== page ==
# Which tetromino is this?

## Python 3, 124 bytes

def f(n):
while n&4369<n/n:n>>=1
while n&15<1:n>>=4
return'TJLZSIO'["rēȣc63ıGtĲȱᄑ@'̢̑@@@@Ȳq".index(chr(n))%7]


Try it online!

Expects an integer n representing a 4 × 4 binary matrix. Throws if no tetromino is found.

Line 2 slides the shape to the right until a 1 is in the rightmost column. (4369 is 0001 0001 0001 0001 in binary.) Line 3 lowers the shape until a 1 is in the bottom row. Together this turns e.g.:

    0 1 0 0        0 0 0 0
1 1 1 0  into  0 0 0 0
0 0 0 0        0 0 1 0
0 0 0 0        0 1 1 1


Then we look for the index of n in this list:

 [114  275  547   99   54   15   51
305   71  116  306  561 4369   64
39  802  785   64   64   64   64
562  113   23]
#   T    J    L    Z    S    I    O


Each column of indices equivalent modulo 7 corresponds to a tetromino shape. 64 (@) is used as a padding value as n cannot be 64 at this point in the code.

NB. An exception is thrown for input 0 by computing n/n instead of 1.

## APL (Dyalog), 95949389 87 bytes

-2 thanks to Zacharý

Requires ⎕IO←0 which is default on many systems. Takes Boolean matrix (of any shape!) as argument. Returns nothing if the given number of bits is not four, and a blank line if the four given bits do not form a tetromino.

{4=+/,⍵:'OIZSJLT'/⍨∨/1∊¨(((2 2)4⍴¨1),(0 1⌽¨⊂K⌽2⊖J),(⍳3)⊖¨⊂J←1,⍪K←3↑1)∘.⍷⍵∘{⌽∘⍉⍣⍵⊢⍺}¨⍳4}


Try it online!

Works by creating all four rotations of the input, then looking for each tetromino in each rotation.

{} anonymous function where the argument is represented by ⍵:

,⍵ ravel (flatten) the argument

+/ sum it

4= is four equal to that?

: if so, then (else return nothing):

⍳4 first four ɩndices; [0,1,2,3]

⍵∘{}¨ apply the following function on each, using the input as fixed left argument

⍺ the left argument i.e. the input

⊢⍺ yield that (separates ⍵ from ⍺)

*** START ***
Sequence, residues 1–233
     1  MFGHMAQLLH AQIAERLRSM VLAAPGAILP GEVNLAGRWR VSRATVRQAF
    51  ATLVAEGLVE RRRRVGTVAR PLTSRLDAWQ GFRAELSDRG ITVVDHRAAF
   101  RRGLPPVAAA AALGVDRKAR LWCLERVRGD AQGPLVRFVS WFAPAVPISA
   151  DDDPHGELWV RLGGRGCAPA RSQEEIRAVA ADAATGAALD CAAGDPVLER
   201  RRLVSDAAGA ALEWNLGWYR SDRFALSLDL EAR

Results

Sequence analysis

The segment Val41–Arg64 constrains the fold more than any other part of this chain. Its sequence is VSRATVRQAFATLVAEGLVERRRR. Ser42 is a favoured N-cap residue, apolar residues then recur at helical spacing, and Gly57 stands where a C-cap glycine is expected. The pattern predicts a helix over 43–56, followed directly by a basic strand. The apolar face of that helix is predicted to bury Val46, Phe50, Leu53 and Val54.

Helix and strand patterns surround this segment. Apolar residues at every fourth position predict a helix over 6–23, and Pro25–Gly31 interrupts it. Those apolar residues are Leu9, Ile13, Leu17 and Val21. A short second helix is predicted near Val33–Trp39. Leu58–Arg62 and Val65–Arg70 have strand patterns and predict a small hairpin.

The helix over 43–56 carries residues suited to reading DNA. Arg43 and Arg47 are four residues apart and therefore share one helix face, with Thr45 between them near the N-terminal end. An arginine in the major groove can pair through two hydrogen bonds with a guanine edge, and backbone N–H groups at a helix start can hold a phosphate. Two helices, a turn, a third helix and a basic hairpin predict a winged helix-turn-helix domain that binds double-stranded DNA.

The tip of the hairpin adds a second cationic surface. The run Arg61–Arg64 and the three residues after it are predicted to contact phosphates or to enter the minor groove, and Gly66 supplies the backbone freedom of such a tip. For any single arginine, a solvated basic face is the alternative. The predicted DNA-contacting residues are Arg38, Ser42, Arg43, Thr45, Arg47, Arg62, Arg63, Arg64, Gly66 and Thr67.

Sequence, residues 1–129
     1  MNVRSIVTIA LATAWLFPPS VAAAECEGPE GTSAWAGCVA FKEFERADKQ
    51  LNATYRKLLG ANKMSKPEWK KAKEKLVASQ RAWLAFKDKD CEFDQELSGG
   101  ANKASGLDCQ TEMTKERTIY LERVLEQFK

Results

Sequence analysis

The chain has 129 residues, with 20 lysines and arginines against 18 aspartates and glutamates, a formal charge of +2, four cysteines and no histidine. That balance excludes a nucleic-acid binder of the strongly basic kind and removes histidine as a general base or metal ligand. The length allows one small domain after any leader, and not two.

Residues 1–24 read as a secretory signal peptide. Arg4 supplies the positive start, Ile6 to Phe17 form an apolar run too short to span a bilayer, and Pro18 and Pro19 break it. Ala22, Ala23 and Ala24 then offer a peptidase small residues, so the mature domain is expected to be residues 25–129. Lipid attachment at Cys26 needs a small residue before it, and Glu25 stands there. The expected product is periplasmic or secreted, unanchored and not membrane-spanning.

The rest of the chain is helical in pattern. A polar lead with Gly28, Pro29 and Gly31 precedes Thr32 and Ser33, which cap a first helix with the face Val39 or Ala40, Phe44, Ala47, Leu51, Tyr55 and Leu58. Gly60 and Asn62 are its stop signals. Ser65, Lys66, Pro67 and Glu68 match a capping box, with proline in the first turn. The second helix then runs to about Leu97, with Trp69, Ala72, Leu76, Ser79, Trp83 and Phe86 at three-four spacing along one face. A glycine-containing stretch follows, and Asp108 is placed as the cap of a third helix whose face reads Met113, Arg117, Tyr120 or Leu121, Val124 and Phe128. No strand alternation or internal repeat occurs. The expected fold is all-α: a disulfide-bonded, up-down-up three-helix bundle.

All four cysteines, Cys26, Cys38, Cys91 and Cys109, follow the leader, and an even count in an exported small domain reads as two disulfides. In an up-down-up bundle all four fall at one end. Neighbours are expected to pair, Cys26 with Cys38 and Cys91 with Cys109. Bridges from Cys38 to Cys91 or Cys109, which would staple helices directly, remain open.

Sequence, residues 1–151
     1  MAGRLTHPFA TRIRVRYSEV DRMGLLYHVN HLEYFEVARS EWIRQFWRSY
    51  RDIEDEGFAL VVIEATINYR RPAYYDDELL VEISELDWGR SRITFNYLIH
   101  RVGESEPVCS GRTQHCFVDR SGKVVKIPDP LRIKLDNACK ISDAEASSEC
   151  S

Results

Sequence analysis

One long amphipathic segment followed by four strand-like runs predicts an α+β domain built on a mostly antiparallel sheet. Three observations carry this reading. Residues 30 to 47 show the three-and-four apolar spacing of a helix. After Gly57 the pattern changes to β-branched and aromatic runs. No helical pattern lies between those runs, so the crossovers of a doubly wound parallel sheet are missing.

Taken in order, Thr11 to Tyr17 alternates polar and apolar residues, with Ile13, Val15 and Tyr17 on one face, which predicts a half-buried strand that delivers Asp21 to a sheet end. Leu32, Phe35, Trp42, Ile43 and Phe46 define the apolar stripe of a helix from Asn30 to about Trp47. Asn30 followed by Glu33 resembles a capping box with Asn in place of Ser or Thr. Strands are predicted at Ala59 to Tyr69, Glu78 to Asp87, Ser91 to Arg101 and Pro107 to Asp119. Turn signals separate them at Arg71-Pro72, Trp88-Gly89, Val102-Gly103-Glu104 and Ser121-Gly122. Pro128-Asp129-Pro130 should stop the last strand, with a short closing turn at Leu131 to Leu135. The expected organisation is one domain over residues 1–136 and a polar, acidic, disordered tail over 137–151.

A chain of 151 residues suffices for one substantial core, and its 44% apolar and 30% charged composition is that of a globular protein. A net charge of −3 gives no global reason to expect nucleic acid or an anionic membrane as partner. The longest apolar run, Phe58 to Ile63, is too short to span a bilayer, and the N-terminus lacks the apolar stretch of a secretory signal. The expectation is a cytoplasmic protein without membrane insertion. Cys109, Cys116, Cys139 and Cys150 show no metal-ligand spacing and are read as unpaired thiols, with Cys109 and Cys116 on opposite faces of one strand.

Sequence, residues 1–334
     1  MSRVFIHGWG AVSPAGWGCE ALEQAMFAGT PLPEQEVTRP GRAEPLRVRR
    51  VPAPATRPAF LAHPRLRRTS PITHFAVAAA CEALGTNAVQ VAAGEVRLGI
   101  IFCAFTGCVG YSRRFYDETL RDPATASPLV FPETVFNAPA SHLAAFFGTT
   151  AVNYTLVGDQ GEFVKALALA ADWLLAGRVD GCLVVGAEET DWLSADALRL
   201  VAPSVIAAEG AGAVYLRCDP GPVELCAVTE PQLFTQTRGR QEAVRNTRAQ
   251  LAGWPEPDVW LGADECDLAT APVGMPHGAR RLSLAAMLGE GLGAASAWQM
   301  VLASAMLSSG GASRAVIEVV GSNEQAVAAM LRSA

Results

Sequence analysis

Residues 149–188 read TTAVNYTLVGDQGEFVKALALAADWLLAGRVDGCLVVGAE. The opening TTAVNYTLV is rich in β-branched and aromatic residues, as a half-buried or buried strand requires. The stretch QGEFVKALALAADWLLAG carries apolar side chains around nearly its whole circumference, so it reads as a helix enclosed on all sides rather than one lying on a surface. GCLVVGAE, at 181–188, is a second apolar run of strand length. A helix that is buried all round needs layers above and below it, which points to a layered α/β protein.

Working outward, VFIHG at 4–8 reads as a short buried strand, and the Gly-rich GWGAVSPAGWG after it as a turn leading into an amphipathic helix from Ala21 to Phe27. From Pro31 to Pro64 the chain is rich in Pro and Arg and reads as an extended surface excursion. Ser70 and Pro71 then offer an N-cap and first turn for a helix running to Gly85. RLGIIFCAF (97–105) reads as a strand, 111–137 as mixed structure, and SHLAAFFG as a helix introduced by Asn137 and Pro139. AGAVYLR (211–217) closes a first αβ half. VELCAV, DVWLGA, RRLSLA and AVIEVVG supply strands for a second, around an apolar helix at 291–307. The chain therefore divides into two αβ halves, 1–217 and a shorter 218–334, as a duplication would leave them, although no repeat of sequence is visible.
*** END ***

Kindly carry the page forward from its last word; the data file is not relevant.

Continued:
⌽∘⍉⍣⍵ mirror and transpose (i.e. rotate 90°) ⍵ times

()∘.⍷ outer "product", but using Find*, of the following list and the rotations:

3↑1 take three elements from one, padding with zeros; [1,0,0]

K← store that as K

⍪ table (make into column vector); [[1],[0],[0]]

1, prepend a one; [[1,1],[1,0],[1,0]] ("J")

J← store as J

()⊖¨⊂ rotate the entire J vertically, each of the following number of steps:

⍳3 first three ɩntegers; [0,1,2]

we have [[[1,1],[1,0],[1,0]],[[1,0],[1,0],[1,1]],[[1,0],[1,1],[1,0]]] ("J", "L, "T")

(), prepend the following list:

2⊖J rotate J two steps vertically; [[1,0],[1,1],[1,0]] ("T")

K⌽ rotate the rows of that by 1, 0, and 0 steps respectively; [[0,1],[1,1],[1,0]] ("Z")

0 1⌽¨⊂ rotate the entire array vertically, no times and once; [[[0,1],[1,1],[1,0]],[[1,0],[1,1],[0,1]]] ("Z", "S")

(), prepend the following list:

(2 2)4⍴¨1 reshape a one into each of a 2×2 matrix and a 4-element list; [[[1,1],[1,1]],[1,1,1,1]] ("O", "I")

1∊¨ for each, is one a member?

∨/ horizontal OR reduction (i.e. across rotations; one Boolean for each shape)

'OIZSLJT'/⍨ use that to filter the string

* Find returns a Boolean array of same shape as its right argument, with ones indicating the top left corner of all subarrays identical to the left argument.

### JavaScript (ES6), 242212172 164 bytes

x=>[...'OISZLJT'].filter((z,y)=>x.match(^0*(${'99,33825|15,51|2145,195|561,2115|57,1059|135,71|1073'.split,[y].replace(/\d+/g,C=x=>x?x%2+C(x>>1)+x%2:'|')})0*$))


Was supposed to be just to get the ball rolling, but I'm a little late for that ¯\_(ツ)_/¯

Takes a string of bits, with rows separated by 0s ('0001000110001000000' representing 0001 0011 0010 0000) and returns an array containing the character representing the tetromino, or an array containing nothing.

This works by checking each rotation of tetromino to see if the input at any point contains the tetromino, surrounded entirely by zeroes on either side. Each tetromino is represented by one or more binary numbers:

0 0 0 0   -> 0000 0110 1100 0000
0 1 1 0   -> 0000001100110000000
1 1 0 0   -> 110011
0 0 0 0   -> 51

0 1 0 0   -> 0100 0110 0010 0000
0 1 1 0   -> 0100001100001000000
0 0 1 0   -> 100001100001
0 0 0 0   -> 2145


So to check if the input contains an S tetromino, we simply check whether it contains the binary representation of either 51 or 2145, with only 0s on either side.

A few of the tetrominoes have 4 orientations. If you look at the binary representations of these, each has 2 representations which are simply the mirror of the other two. To save space, the binary representation is built up forward and backward simultaneously with the recursive C function, allowing us to only put two of the orientations in and have the other two implied.

Alternate approach with charcodes:

x=>[...'OISZLJT'].filter((z,y)=>x.match(^0*(${[...'÷,êÿ,óî,ûÝ,ëúüÏ,çöïþ,ßýíÞ'.split,[y]].map(c=>(C=n=>n?'1e'+(n%4+2)%5-0+C(n>>2):'')(c.charCodeAt())).join|})0*$))